Letter: 'Nonsense' float mixes up founding
I attended an Independence Day Parade put on by the Village of Patchogue with bands, floats and antique cars ["Having a blast," exploreLI, July 2]. It was indeed enjoyable.
One float, however, was disturbing. It was from the Patchogue Lions Club and had a "1776" theme. There was a Thomas Jefferson figure dressed in Colonial garb with a quill pen writing at a desk, as well as several other Founding Fathers standing and talking, presumably at the Constitutional Convention. And then there was a Benjamin Franklin figure standing next to a 7-foot-tall cross emblazoned with a large caption, "God Bless America." The sides of the float also had crosses with the same caption -- seemingly so we wouldn't miss the message.
As an American, I'm offended. The float implied that there is a state religion. This is a gross misreading of history. Our Founding Fathers believed religion to be a private matter and state religion abhorrent. America would be a country with no established religion. Indeed, Americans had fled those kinds of repressive regimes for freedom of religion here and declared it with our most precious document: a First Amendment guarantee.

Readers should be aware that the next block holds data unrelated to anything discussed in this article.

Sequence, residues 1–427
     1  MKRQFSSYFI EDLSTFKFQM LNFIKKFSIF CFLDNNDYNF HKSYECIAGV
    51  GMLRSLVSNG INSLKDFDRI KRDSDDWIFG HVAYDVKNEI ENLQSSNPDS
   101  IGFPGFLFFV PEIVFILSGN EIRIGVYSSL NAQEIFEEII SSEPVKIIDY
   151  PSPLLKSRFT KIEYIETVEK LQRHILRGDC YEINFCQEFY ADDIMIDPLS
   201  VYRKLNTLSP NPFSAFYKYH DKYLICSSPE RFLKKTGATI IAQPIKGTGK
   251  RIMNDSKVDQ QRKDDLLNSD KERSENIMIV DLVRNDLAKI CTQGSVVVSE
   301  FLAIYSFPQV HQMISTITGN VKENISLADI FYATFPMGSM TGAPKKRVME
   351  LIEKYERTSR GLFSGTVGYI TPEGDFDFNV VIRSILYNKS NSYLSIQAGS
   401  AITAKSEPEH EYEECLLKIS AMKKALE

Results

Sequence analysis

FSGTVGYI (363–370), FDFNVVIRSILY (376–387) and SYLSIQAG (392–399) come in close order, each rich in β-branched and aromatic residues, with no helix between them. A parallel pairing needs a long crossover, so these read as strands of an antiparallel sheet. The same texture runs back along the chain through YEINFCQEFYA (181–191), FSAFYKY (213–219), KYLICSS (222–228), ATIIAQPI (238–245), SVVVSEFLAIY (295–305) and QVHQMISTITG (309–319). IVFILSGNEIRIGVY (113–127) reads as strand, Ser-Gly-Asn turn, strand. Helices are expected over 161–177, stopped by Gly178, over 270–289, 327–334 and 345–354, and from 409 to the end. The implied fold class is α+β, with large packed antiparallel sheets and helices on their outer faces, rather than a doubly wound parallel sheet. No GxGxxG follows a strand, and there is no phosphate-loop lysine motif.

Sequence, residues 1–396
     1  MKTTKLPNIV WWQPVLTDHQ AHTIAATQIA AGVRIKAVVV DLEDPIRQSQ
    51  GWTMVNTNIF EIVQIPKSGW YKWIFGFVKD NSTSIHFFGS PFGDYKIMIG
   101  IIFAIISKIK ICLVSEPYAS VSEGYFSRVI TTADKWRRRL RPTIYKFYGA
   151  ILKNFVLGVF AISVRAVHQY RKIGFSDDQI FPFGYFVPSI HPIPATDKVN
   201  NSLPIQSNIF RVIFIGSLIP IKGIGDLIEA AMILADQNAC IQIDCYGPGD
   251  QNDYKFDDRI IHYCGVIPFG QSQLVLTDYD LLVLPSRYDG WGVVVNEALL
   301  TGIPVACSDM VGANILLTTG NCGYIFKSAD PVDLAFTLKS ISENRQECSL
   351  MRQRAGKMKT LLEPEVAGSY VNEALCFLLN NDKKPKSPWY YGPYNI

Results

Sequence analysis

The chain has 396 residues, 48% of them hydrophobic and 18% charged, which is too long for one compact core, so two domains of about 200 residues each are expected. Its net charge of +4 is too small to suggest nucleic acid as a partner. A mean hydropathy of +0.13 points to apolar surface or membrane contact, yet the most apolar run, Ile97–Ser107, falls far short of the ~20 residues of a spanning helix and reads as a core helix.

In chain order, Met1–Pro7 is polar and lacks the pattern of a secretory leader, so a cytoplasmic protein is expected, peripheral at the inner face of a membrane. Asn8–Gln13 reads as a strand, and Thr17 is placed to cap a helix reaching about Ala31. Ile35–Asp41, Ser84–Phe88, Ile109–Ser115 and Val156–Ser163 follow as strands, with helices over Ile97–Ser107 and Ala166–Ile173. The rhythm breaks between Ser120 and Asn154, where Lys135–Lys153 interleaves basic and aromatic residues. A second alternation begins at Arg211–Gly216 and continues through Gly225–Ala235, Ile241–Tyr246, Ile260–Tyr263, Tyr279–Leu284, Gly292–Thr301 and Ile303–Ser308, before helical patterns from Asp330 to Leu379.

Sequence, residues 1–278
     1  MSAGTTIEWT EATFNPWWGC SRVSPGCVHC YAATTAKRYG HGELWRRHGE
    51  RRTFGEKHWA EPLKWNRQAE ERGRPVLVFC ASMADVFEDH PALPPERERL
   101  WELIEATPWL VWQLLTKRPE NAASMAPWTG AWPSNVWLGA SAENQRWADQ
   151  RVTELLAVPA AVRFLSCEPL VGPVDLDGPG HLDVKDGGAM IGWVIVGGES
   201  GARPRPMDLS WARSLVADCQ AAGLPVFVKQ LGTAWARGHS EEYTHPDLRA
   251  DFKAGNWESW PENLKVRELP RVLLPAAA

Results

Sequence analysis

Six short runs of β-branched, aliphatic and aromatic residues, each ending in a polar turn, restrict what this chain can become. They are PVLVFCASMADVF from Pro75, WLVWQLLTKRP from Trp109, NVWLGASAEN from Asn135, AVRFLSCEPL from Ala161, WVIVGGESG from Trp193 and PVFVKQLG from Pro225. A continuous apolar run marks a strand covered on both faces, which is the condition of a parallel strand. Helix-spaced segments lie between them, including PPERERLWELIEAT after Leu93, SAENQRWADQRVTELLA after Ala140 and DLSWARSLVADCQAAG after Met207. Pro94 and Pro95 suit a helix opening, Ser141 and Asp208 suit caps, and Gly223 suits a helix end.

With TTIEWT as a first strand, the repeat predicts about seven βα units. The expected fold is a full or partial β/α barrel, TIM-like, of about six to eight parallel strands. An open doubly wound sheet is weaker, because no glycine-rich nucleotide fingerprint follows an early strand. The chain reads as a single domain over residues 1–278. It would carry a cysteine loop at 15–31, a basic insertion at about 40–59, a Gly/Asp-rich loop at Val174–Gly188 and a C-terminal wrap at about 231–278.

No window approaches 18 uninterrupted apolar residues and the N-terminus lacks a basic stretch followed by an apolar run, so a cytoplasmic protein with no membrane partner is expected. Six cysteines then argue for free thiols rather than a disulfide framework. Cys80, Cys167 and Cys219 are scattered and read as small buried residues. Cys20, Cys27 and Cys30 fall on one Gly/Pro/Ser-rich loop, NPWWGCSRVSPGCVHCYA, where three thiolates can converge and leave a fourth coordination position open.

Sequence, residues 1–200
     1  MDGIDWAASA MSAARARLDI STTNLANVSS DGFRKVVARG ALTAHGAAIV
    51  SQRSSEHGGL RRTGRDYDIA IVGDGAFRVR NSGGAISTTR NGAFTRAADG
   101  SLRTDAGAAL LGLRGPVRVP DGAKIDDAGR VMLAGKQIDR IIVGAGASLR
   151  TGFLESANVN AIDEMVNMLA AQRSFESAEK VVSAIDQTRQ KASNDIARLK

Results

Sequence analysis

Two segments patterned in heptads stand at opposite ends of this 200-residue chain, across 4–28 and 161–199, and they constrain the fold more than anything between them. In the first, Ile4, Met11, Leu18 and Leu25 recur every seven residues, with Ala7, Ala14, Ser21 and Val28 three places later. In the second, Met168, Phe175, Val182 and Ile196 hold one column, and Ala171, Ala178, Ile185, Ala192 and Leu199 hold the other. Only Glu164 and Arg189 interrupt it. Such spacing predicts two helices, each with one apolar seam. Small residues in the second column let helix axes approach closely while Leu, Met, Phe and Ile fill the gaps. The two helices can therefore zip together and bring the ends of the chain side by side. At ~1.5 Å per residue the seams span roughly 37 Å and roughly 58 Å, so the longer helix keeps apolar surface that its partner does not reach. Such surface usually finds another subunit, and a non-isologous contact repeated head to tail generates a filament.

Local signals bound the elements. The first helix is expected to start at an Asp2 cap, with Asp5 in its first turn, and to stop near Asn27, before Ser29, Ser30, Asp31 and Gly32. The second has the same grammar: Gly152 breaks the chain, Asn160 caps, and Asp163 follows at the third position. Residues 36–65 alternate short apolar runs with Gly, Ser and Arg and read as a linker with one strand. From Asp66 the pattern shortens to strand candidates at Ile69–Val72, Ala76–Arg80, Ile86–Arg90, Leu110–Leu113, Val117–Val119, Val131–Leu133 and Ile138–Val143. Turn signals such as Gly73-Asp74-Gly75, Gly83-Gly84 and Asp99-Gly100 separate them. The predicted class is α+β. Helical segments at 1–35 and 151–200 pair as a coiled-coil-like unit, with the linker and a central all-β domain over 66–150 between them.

We need to stop these displays of nonsense history. They teach our children nothing and they denigrate our national traditions.
Bill Bernstein, Huntington Station
Editor's note: The writer is a retired history professor from SUNY Canton.